Article citation information:

Skóra, K., Wolski, A. Voyage planning. Scientific Journal of Silesian University of Technology. Series Transport. 2016, 92, 123-128. ISSN: 0209-3324. DOI: 10.20858/sjsutst.2016.92.12.



Kazimierz SKÓRA[1], Adam WOLSKI[2]






Summary. A sea voyage can be divided into three parts with varying degrees of risk:

Results of statistical research into ship accidents at sea point to an increased number of incidents and accidents, including groundings, especially in restricted areas. Such areas are often narrow and have limited depths, while their short straight sections require frequent course alterations, often in varying hydrometeorological conditions. Due to all these factors, the voyage has to be carefully planned and all watchkeeping officers have to be well prepared to conduct the ship safely. The article presents the objectives, scope, legal basis and stages in the process of voyage planning. The compliance with the outlined principles will reduce the level of risk in maritime transport.

Keywords: safety of navigation; voyage; marine transport



Research into the causes of navigational accidents and maritime disasters in shipping has shown that the human factor is responsible for 80% of those events. It was also found that accidents would have been avoided if the persons responsible for ship conduct had appropriately utilized all available information. Most accidents occurred as a result of simple mistakes in the use of navigation equipment, as well as due to errors in interpreting the available information, as opposed to the lack of experience or proper qualifications. Statistical results for ship accidents indicate an increased number of casualties, including groundings in restricted water areas. These are often insufficiently deep and narrow, while their short straight sections require frequent course alterations. Besides, varying hydrometeorological conditions make the navigation even more challenging. All these factors require careful voyage planning and preparation of all watchkeeping officers to execute the voyage at sea.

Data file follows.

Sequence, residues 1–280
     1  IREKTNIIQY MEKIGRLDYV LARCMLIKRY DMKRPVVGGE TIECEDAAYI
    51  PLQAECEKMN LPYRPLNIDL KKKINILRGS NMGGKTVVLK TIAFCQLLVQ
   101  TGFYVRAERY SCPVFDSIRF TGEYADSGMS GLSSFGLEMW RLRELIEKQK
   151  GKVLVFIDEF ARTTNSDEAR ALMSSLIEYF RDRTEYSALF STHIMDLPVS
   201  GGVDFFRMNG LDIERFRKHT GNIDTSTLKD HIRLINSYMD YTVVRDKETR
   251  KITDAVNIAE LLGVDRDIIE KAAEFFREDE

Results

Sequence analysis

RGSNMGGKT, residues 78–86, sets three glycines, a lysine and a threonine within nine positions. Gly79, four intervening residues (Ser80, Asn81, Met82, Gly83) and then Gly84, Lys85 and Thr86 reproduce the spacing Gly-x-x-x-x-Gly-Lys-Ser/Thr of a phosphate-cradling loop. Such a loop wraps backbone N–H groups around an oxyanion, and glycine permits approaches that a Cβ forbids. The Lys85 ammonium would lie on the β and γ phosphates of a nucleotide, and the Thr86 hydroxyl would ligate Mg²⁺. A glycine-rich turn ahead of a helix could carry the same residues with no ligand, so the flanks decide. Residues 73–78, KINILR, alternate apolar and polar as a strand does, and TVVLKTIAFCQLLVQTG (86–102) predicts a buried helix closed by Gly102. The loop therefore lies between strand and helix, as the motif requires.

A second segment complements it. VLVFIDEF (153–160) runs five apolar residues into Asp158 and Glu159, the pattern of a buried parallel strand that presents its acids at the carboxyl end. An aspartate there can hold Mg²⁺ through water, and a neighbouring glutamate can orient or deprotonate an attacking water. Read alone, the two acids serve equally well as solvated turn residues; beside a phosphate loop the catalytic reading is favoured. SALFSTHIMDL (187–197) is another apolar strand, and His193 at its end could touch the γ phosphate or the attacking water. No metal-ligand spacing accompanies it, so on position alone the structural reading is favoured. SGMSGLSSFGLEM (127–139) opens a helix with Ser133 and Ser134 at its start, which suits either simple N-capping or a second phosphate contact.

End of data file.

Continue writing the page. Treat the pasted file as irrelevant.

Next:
A ship’s voyage plan expresses the navigators’ intentions and is a dynamic process, which can and must be updated taking into account changes in circumstances and conditions.

The main objectives of voyage planning are assumed to assure [1]:

·                                        safety of life at sea

·                                        efficient and safe navigation

·                                        protection of the marine environment


Voyage planning should:

·      cover all voyage stages from the moment of unberthing at the port of departure until berthing at the port of destination (berth to berth)

·      be obligatory for all ships engaged on international voyages

·      take into account all the factors affecting the safety of navigation in general, particularly the safety of large ships and ships carrying dangerous goods


The formal requirement to prepare a voyage plan results from the provisions of the International Convention on Standards of Training, Certification and Watchkeeping for Seafarers (STCW 78/95), the International Convention for the Safety of Life at Sea (SOLAS 74) and four International Maritime Organization (IMO) resolutions: A.893 (21), A.790 (19), A.999 (25) A.1024 (26) and A.671 (16).

 SOLAS 78/95 is the first convention addressing issues regarding safety of life at sea and applies to all ships engaged in international voyages. It was adopted on 1 November 1974 at an international conference convened by the IMO. The currently binding convention came into force on 25 May 1980; since then, it has been amended and supplemented repeatedly in the form of resolutions, circulars and attachments. The SOLAS Convention was preceded by treaties adopted in 1914 (following the Titanic tragedy), 1928, 1948 and 1960.

The SOLAS 78/95 Convention consists of 12 chapters. Chapter five, regulation 34, provides for safe navigation and avoidance of dangerous situations. It applies to all ships subject to the provisions of the aforementioned convention and encourages warships and sailing vessels, as far as is reasonable and practicable, to act according to the provisions of chapter five.


Chapter five recommendations are as follows [4]: